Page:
JOURNAL OF EVIDENCE BASED MEDICINE AND HEALTHCARE

SEARCH ARTICLES

Year : 2020 Month : September Volume : 7 Issue : 38 Page : 2120-2125.

Clinicopathological and Immunophenotype Spectrum of Malignant Lymphoma in Eastern India Population – A Tertiary Care Hospital Study

Debahuti Mohapatra1, Rajashree Tripathy2, Prateek Das3, Pallak Batalia4

1Department of Pathology, IMS and SUM Hospital, Bhubaneswar, Odisha, India.
2Department of Pathology, IMS and SUM Hospital, Bhubaneswar, Odisha, India.
3Department of Pathology, IMS and SUM Hospital, Bhubaneswar, Odisha, India.
4Department of Pathology, IMS and SUM Hospital, Bhubaneswar, Odisha, India.

CORRESPONDING AUTHOR

Dr. Prateek Das, Final Year Postgraduate, IMS and SUM Hospital, Bhubaneswar, Odisha, India.
Email : dr.dasprateek@gmail.com

ABSTRACT

Background

Malignant lymphoma (ML) is one of the most common cancers, accounting for 3.37 % of all malignancies and is more prevalent in developed countries. Distribution of different subtypes of ML varies in different geographical locations according to the World Health Organization (WHO) classification.

 

Methods

This is a retrospective study conducted over a period of one and a half years (July 2017 - December 2018) among hundred and six cases of ML, which were archived from the database of a tertiary care teaching hospital, Bhubaneswar. Clinical history, radiological findings, biochemical and haematological profile were taken into account. Haematoxylin and eosin stained slides and immunohistochemical (IHC) slides were studied by three pathologists including the first author. The diagnosis was reviewed after doing a battery of immunohistochemical lymphoma markers and categorized as per World Health Organization (WHO) 2016 classification. One year follow up was done after administration of chemotherapy.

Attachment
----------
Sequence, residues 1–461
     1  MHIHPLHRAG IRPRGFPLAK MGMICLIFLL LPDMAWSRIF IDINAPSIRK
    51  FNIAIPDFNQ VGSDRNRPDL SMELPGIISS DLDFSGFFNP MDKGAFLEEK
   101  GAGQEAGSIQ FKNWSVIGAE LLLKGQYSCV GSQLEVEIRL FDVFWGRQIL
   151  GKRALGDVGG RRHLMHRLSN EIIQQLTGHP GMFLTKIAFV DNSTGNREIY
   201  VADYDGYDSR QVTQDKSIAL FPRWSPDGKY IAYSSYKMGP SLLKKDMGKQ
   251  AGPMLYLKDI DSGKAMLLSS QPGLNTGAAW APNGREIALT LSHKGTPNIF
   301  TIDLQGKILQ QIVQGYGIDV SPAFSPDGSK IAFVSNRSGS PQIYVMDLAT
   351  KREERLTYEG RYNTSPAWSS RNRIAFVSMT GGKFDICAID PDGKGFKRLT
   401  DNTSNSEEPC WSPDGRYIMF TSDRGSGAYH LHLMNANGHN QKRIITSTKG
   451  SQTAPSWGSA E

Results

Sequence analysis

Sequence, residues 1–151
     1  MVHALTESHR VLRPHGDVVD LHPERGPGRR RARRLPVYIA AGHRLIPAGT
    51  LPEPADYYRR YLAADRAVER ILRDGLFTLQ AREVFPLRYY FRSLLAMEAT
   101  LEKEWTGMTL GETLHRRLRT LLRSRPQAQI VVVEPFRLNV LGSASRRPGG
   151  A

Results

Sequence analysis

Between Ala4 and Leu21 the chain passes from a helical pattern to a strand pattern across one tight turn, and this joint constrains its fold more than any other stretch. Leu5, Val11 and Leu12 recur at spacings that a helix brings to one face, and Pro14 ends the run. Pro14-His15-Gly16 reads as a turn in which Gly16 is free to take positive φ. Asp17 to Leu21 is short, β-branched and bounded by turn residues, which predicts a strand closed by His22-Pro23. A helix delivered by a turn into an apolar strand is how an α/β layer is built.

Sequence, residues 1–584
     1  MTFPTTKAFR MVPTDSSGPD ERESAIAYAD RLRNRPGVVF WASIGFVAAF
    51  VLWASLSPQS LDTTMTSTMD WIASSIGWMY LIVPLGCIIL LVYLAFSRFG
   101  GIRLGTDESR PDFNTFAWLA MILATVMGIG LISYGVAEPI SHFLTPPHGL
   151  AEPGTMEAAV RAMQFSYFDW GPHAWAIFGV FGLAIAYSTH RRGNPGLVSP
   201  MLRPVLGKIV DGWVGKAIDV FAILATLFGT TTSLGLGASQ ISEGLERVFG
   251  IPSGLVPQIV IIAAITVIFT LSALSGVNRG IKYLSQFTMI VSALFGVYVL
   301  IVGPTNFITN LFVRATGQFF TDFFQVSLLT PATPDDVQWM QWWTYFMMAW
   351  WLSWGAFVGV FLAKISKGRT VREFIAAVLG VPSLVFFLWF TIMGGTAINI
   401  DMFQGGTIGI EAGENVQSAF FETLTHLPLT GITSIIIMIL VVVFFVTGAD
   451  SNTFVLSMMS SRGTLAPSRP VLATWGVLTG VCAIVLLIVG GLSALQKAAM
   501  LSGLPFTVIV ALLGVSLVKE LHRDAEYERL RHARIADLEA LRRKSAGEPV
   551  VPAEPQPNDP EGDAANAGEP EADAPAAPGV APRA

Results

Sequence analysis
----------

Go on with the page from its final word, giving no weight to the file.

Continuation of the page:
Results

Incidence of Hodgkin Lymphoma (HL) is much lower than Non-Hodgkin Lymphoma (NHL), with a HL to NHL ratio of 1 : 2.78. Amongst HL, mixed cellularity (MC) was the commonest type (57.14 % of HL) and in NHL, diffuse large B cell lymphoma (DLBCL) was the commonest subtype (53.85 % of NHL). The commonest nodal site involved irrespective of type of B cell NHL was cervical lymph node and that of extranodal site was stomach. T cell NHL showed peripheral T cell lymphoma (PTCL) as predominant subtype (10.26 % of NHL) majority of which showed extranodal involvement.

 

Conclusions

Recent WHO classification (2016) has made significant alterations to the previous (2008) classification. This is based on immunohistochemical profile, molecular and cytogenetic studies. This study attempts to categorise various lymphomas as per WHO (2016) classification which not only has diagnostic implication but also has significant prognostic and predictive value.

 

Keywords

Malignant Lymphoma, Eastern India, Hodgkin Lymphoma, Non-Hodgkin Lymphoma, Diffuse Large B Cell Lymphoma, Peripheral T Cell Lymphoma

BACKGROUND